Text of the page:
A data link layer acts as a medium for communication between two directly connected hosts. At the sending front, it transforms the data stream into signals bit by bit and transfers it to the hardware. On the contrary, as a receiver, it receives data in the shape of electrical signals and transforms them into an identifiable frame.
MAC can be classified as a sublayer of the data link layer that is accountable for physical addressing. MAC address is a unique address for a network adapter allocated by the manufactures for transmitting data to the destination host. If a device has several network adapters i.e., Ethernet, Wi-Fi, Bluetooth, etc., there would be different MAC addresses for each standard.
In this article, you’ll learn how this sublayer gets manipulated to execute the MAC flooding attack and how we can prevent the attack from happening.
MAC (Media Access Control) Flooding is a cyber-attack in which an attacker floods network switches with fake MAC addresses to compromise their security. A switch does not broadcast network packets to the whole network and maintains network integrity by segregating data and making use of VLANs (Virtual Local Area Network).
The motive behind MAC Flooding attack is to steal data from a victim’s system that is being transferred into a network. It can be achieved by forcing the switch’s rightful MAC table contents out, and the switch’s unicast behavior. This results in the transfer of sensitive data to other parts of the network and eventually turning the switch into a hub and causing significant quantities of incoming frames to be flooded out on all ports. Therefore, it is also called the MAC address table overflowing attack.
The attacker can also use an ARP spoofing attack as a shadow attack to allow himself to continue having access to private data afterward the network switches retrieve themselves from the early MAC flooding attack.
To rapidly saturate the table, the attacker floods the switch with a huge number of requests, each with a fake MAC address. When the MAC table reaches the allocated storage limit, it begins removing old addresses with the new ones.
After removing all the legitimate MAC addresses, the switch starts broadcasting all the packets to every switch port and takes on the role of network hub. Now, when two valid users attempt to communicate, their data is forwarded to all available ports, resulting in a MAC table flooding attack.
All the legitimate users will now be able to make an entry until this is completed. In these situations, malicious entities make them a part of a network and send malicious data packets to the user’s computer.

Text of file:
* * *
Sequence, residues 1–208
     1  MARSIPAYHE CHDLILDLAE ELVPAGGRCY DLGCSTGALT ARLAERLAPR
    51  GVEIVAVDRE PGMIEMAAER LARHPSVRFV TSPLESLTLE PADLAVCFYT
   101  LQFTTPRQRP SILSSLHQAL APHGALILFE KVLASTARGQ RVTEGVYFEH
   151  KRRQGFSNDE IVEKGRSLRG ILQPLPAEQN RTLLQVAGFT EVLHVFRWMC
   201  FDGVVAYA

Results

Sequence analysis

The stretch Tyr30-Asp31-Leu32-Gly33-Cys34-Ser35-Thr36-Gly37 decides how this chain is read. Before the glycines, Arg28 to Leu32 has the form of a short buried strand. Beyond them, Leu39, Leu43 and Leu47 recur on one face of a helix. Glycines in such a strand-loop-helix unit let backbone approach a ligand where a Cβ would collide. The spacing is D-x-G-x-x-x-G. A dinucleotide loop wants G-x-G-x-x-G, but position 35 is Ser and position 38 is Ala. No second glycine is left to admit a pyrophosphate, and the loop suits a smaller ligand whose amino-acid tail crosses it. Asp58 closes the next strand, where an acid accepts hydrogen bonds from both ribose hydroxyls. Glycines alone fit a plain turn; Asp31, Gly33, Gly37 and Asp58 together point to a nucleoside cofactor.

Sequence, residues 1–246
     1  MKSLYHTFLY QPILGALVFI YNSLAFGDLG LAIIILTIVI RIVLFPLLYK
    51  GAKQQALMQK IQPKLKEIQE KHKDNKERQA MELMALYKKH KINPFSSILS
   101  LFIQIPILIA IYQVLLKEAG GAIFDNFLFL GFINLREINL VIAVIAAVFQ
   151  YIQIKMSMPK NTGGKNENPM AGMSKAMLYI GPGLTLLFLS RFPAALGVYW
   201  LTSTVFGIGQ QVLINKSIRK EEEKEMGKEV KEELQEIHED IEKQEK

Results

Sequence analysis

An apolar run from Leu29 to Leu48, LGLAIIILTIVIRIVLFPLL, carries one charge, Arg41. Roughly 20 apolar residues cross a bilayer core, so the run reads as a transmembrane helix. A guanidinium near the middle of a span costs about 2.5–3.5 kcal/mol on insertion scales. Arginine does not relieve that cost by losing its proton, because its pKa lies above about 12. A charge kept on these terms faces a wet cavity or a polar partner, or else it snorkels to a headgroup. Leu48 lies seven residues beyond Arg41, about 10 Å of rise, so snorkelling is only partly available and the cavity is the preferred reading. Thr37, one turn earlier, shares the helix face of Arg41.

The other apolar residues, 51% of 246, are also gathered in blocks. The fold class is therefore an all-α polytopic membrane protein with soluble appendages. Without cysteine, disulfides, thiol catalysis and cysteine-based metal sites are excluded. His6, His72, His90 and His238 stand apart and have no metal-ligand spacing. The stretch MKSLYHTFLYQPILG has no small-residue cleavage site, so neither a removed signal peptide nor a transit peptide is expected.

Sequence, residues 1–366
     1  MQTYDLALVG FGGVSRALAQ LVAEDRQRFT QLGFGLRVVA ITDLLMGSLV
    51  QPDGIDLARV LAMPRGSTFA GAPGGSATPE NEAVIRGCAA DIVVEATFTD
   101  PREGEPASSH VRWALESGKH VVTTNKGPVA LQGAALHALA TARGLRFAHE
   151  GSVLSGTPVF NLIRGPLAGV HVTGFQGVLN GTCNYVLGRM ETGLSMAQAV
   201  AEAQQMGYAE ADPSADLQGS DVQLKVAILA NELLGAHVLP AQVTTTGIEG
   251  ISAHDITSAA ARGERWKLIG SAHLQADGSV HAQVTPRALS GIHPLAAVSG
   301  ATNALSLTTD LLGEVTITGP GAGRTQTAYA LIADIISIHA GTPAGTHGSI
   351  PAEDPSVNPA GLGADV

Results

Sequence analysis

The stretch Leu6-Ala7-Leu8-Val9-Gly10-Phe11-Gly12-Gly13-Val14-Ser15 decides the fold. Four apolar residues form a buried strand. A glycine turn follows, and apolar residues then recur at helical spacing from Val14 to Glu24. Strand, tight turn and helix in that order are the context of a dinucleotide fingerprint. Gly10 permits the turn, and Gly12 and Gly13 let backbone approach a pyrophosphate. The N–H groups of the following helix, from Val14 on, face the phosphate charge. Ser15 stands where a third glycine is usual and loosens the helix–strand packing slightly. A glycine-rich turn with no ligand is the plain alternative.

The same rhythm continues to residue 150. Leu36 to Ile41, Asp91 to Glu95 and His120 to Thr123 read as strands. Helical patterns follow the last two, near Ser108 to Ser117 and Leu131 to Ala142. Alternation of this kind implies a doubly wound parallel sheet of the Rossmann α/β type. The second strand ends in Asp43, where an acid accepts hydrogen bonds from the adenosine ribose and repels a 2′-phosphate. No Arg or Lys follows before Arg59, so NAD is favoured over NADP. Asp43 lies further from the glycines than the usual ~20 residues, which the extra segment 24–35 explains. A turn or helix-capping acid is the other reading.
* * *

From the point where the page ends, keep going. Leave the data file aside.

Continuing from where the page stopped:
As a result, the attacker will be able to capture all the ingoing and outgoing traffic passing through the user’s system and can sniff the confidential data it contains. The following snapshot of the sniffing tool, Wireshark, displays how the MAC address table is flooded with bogus MAC addresses.
We must always take precautions to secure our systems. Fortunately, we have tools and functions to stop intruders from entering the system and to respond to attacks that put our system at risk. Stopping the MAC flooding attack can be done with port security.
We can achieve that by enabling this feature in port security by using the switchport port-security command.
Specify the maximum number of addresses that are allowed on the interface using the “switchport port-security maximum” value command as below:
By defining the MAC addresses of all known devices:
By indicating what ought to be done if any of the above terms are violated. When a violation of switch Port Security occurs, Cisco switches may be configured to respond in one of three ways; Protect, Restrict, Shutdown.
The protect mode is the security infringement mode with the least security. Packets that have unidentified source addresses are dropped, if the number of secured MAC addresses exceeds the port’s limit. It can be avoided if the number of specified maximum addresses that can be saved in the port is increased or the number of secured MAC addresses is lowered. In this case, no evidence can be found of a data breach.
But in the restricted mode, a data breach is reported, when a port security violation occurs in the default security violation mode, the interface is error-disabled and the port LED is killed. The breach counter is incremented.
The shutdown mode command can be used to get a secure port out of the error-disabled state. It can be enabled by the command mentioned below:
As well as no shutdown interface setup mode commands can be used for the same purpose. These modes can be enabled by the use of the commands given below:
switch port-security violation restrict
These attacks can also be prevented by authenticating the MAC addresses against the AAA server known as authentication, authorization, and accounting server. And by disabling the ports that aren’t used quite often.
The effects of a MAC flooding attack can differ considering how it is implemented. It can result in the leak of personal and sensitive information of the user that could be used for malicious purposes, so its prevention is necessary. A MAC flooding attack can be prevented by many methods including the authentication of discovered MAC addresses against “AAA” Server, etc.